May 2003
Volume 44, Issue 13
Free
ARVO Annual Meeting Abstract  |   May 2003
All-Exon Screen of the Ush2a Gene in Recessive Nonsyndromic Retinitis Pigmentosa and Usher Syndrome Type II
Author Affiliations & Notes
  • B. Jian-Seyed-Ahmadi
    Ocular Molecular Genetics, Harvard Medical School, Masschusetts Eye & Ear Infirmary, Boston, MA, United States
  • C. Rivolta
    Ocular Molecular Genetics, Harvard Medical School, Masschusetts Eye & Ear Infirmary, Boston, MA, United States
  • J.A. Keene
    Ocular Molecular Genetics, Harvard Medical School, Masschusetts Eye & Ear Infirmary, Boston, MA, United States
  • E.L. Berson
    Berman-Gund Laboratory for the Study of Retinal Degenerations, Harvard Medical School, Masschusetts Eye & Ear Infirmary, Boston, MA, United States
  • T.P. Dryja
    Berman-Gund Laboratory for the Study of Retinal Degenerations, Harvard Medical School, Masschusetts Eye & Ear Infirmary, Boston, MA, United States
  • Footnotes
    Commercial Relationships  B. Jian-Seyed-Ahmadi, None; C. Rivolta, None; J.A. Keene, None; E.L. Berson, None; T.P. Dryja, None.
  • Footnotes
    Support  Foundation Fighting Blindness, NEI - EY08683, EY00169
Investigative Ophthalmology & Visual Science May 2003, Vol.44, 2315. doi:
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      B. Jian-Seyed-Ahmadi, C. Rivolta, J.A. Keene, E.L. Berson, T.P. Dryja; All-Exon Screen of the Ush2a Gene in Recessive Nonsyndromic Retinitis Pigmentosa and Usher Syndrome Type II . Invest. Ophthalmol. Vis. Sci. 2003;44(13):2315.

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      © ARVO (1962-2015); The Authors (2016-present)

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Abstract

Abstract: : Purpose: To measure the proportion of patients with nonsyndromic autosomal recessive retinitis pigmentosa (ARRP) and with Usher syndrome type II (Usher-II) who have mutations in the USH2A gene and to tabulate the types of mutations found. Methods: All the coding exons of the USH2A gene are being amplified from the leukocyte DNA of 156 unrelated patients with ARRP and 129 with Usher-II. Amplified DNA fragments are scanned for mutations using single-strand conformation analysis and direct sequencing. Results: To date 28 out of 31 exon fragments have been evaluated. We identified 10 different, likely pathogenic, sequence variants in 28 ARRP patients, including 7 missense, 2 frameshift, and 1 nonsense change. Among 59 patients with Usher-II, we found 22 different sequence variants (8 missense, 11 frameshift, 3 nonsense). Segregation analyses to evaluate the possible pathogenicity of some of these sequence variations are in progress. We also found 4 intron changes and 8 exon polymorphisms (6 of which were isocoding variations); all of these are interpreted as unlikely to be pathogenic. Of the 33 presumed mutant alleles found in ARRP patients, 18 were C759F, 6 were D644V, 2 were L1047V, and there was 1 instance of each of 7 other changes. Three ARRP patients were homozygotes for C759F, 1 patient was a compound heterozygote (C759F/E767fs), and 12 patients (8%) had C759F on one allele and no detected change on the other allele. The C759F allele was found in 2 patients with Usher-II; in neither of these 2 patients was a change in the other allele found. The most common variant found in Usher-II patients was E767fs (2299 del G) which accounted for 29/68 variant alleles. Only 17% of the ARRP patients with an USH2A variant had 2 variants detected (presumably one on each allele); only 20% of Usher-II patients with an USH2A variant had 2 variants detected. Conclusions: Based on our evaluation of about 90% of the gene so far, USH2A sequence variants that are likely to be pathogenic were found in about 18% of cases of ARRP (3.2% with 2 mutations + 14.3% with 1 mutation), and in about 46% of cases of Usher-II (9.3% with 2 mutations + 36.4% with 1 mutation). Further studies are needed to explain the large proportion of patients with a presumed mutation in only one allele. To our knowledge this is the first report of USH2A variants besides C759F (such as D644V) associated with nonsyndromic ARRP.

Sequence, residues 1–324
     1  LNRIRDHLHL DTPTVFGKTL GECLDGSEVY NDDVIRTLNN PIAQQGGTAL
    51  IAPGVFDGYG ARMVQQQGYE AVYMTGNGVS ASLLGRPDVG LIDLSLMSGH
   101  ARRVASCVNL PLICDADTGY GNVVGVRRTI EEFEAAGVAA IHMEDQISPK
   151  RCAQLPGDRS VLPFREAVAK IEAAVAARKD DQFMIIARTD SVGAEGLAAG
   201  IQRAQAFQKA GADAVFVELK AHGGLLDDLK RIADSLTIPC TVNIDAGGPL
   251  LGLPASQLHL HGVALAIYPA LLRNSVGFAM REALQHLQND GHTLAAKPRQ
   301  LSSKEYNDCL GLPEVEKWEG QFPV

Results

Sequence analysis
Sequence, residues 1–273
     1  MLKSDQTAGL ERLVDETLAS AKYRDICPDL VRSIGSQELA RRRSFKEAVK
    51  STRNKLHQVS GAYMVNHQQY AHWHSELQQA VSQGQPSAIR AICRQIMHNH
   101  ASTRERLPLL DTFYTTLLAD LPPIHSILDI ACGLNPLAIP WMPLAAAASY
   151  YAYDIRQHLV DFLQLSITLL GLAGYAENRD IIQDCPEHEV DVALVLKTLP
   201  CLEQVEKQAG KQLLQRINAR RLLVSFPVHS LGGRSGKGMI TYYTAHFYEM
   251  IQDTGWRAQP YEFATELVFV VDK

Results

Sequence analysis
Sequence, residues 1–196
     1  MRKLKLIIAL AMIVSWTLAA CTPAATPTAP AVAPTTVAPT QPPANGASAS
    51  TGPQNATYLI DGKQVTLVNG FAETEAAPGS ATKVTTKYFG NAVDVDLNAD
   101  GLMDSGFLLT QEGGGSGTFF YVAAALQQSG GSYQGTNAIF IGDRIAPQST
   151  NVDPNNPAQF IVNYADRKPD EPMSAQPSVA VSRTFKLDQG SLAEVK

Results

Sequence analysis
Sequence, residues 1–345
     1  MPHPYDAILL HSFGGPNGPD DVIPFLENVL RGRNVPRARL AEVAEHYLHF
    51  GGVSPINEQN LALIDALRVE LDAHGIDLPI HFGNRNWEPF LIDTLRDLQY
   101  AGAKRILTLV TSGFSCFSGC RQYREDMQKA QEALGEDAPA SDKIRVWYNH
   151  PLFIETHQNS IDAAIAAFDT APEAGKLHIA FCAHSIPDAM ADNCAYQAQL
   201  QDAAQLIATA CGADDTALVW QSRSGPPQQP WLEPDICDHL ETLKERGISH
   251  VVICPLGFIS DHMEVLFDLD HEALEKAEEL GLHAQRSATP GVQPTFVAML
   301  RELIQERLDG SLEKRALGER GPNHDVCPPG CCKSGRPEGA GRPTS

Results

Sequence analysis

Keywords: candidate gene analysis • mutations • retinal degenerations: hereditary 
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